Sunday, February 8, 2009
Seven gill sharks are called that because unlike most modern day sharks, which have five gill slits on either side of their head, seven gills have seven. There are only a few other sharks which have more than five gill slits, namely the six gill shark, and the sharp-nose seven gill shark. These sharks are considered some of the most primitive sharks alive today. The seven gill generally hangs out under the golden gate bridge area, as it is the deepest part of San Francisco bay. They are also the largest shark in the bay, reaching 10 ft (~ 3 m) in length. The largest shark in the area, the white shark, does not enter the bay as it cannot tolerate the brackish water.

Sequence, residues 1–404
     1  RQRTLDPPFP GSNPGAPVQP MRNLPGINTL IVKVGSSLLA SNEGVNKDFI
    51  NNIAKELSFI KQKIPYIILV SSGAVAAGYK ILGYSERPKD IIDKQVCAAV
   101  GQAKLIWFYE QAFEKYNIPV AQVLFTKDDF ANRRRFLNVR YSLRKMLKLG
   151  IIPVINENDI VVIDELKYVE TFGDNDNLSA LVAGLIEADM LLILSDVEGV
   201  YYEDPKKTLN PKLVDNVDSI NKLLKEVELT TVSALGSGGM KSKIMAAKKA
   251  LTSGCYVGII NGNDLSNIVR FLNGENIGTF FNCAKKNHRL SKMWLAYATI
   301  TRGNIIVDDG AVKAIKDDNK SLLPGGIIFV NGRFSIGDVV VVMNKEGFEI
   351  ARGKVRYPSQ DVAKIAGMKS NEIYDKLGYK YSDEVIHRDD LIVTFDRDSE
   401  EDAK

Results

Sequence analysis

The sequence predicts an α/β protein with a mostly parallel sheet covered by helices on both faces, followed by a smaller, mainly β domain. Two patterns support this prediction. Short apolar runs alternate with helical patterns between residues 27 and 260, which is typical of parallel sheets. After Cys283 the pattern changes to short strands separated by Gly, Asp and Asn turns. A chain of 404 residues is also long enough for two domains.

Back in the day, these guys were heavily fished for their oily liver. The fishery in San Francisco collapsed in the 1940s due to heavy fishing. They seem to be making a bit of a comeback, although there is no official data on their status. They are doing a tagging and tracking study on these guys, to see exactly how they use the bay, so maybe we can also get a better idea of population numbers too.